Pendleton Blankets and their “Native American” Inspiration

Pendleton Blankets and their “Native American” Inspiration

 

Pendleton started weaving the ‘trade blankets’ for the Native Americans sometime in the mid to late 1800s. Its operations were spearheaded by Joe Rawnsley, who lived with different tribes in the southwest. His original blanket designs were well-received by the Nez Perce, after which he started searching for more designs that the Zuni, Hopi, and Navajo would like based on their pre-existing designs found in weavings, regalia, and pottery.

The patterns that emerged from Rawnsley’shard work are seen today as a combination of Native-made and “Native-inspired” designs. Both types of patterns are widely claimed and adorned by Native American communities.

The communities began using Pendleton’s blankets as prized possessions to celebrate special occasions. Interestingly, this tradition continues today, such as during weddings, funerals, and birth. One of the main reasons why the designs originally appealed to Native Americans is that they featured the kinds of geometric patterns that were already present in Indigenous art.

When the Europeans came to America and traded with the Native people, wool blankets were valued greatly. The brighter the wool, the more value it had. Most earlier trading blankets were block and plaid designs, such as the conventional Hudson’s Bay blankets. During the start of the 20th century, the Pendleton blankets became quite popular thanks to their sharp details and bright colors and soon came to be known as the “Indian trade.”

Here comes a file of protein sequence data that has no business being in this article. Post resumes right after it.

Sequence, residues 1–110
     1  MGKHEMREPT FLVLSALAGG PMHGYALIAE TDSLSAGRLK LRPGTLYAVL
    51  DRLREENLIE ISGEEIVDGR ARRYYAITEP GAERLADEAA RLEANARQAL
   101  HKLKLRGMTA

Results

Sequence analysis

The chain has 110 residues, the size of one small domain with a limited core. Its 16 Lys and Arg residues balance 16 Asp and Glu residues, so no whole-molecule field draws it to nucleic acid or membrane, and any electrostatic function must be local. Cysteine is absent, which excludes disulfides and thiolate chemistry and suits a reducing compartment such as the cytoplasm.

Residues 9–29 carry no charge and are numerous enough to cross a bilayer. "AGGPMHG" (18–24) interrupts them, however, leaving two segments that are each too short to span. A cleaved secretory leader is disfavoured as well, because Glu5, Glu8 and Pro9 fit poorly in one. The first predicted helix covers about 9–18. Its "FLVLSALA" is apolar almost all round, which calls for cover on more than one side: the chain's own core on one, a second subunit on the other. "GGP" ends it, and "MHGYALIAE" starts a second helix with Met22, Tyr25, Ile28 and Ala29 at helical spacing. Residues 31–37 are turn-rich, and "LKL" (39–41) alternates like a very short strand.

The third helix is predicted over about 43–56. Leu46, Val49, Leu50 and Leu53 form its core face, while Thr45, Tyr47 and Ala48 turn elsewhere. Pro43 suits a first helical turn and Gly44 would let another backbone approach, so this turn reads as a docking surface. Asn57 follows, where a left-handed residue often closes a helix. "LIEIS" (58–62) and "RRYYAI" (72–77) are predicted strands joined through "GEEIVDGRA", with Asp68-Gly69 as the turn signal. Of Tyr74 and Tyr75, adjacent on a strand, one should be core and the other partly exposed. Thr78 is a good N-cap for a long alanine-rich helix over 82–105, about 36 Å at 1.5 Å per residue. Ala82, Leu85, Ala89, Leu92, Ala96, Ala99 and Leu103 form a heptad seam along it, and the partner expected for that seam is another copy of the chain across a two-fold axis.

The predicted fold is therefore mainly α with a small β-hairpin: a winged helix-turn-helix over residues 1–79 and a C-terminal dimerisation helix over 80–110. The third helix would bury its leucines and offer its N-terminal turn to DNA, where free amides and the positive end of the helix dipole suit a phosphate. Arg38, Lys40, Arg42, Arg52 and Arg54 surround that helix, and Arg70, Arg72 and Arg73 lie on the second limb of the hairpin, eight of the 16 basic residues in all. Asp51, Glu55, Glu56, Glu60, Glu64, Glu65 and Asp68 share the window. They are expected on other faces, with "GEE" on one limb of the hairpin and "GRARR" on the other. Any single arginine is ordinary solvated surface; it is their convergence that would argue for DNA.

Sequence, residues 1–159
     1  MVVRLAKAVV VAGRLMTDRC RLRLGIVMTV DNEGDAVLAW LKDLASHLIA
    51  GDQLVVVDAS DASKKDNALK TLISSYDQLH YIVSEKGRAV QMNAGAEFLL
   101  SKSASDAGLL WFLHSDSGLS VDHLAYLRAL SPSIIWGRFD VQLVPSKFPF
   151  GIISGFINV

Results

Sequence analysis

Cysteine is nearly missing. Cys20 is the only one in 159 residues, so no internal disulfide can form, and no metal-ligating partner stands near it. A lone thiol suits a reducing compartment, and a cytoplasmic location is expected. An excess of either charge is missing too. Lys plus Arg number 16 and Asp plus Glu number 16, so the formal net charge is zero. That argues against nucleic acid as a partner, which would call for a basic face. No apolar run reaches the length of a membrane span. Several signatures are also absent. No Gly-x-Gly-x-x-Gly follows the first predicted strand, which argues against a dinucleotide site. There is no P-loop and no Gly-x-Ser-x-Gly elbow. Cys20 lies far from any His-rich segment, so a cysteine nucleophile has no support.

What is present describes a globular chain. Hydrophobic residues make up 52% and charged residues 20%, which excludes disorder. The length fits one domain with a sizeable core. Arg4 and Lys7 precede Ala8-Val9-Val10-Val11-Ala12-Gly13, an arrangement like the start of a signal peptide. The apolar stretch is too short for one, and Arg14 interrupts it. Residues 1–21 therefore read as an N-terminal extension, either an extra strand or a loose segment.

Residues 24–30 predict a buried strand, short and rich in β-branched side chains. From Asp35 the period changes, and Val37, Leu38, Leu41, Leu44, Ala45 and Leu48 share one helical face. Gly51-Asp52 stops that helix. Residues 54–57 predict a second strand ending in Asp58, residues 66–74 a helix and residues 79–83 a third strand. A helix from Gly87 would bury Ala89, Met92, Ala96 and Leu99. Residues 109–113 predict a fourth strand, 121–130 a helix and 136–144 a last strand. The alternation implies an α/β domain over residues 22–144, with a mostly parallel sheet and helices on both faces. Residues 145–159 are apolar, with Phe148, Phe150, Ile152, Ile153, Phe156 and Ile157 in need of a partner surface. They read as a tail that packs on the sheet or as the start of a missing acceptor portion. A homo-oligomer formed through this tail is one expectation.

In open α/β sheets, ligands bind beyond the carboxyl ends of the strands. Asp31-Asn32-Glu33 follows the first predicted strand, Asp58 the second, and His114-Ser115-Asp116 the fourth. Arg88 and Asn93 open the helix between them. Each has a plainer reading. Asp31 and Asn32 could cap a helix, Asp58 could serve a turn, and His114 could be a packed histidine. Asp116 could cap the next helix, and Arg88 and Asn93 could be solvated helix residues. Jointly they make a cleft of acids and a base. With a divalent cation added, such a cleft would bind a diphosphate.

The Pendleton Blanket began at a woolen mill in Pendleton, Oregon. The mill’s core focus was producing eye-catching blankets with genuine Native American designs for the Walla Walla, Cayuse, and Umatilla tribes in the Northeast. The popularity of the blankets spread like wildfire to other local white settlers and tribes, after which tourists visiting the area also bought weavings as souvenirs.

There is often debate about Pendleton Blankets and whether or not they are appropriating the Native American culture and profiting from their designs. As per Bobbie Conner, director of the Tamastslikt Cultural Institute, cultural appropriation is when there is no acknowledgment or relationship between the two parties, and the aim is solely to make profits.

Although the company is not Native American-owned, it has fully acknowledged the Indigenous culture as its inspiration and established a relationship with different tribes. Additionally, the company has incorporated designs by modern Native artists, which then helped raise millions of dollars for the American Indian college fund. While the company profits from Native-American-inspired designs, it does its part by giving back to the communities.


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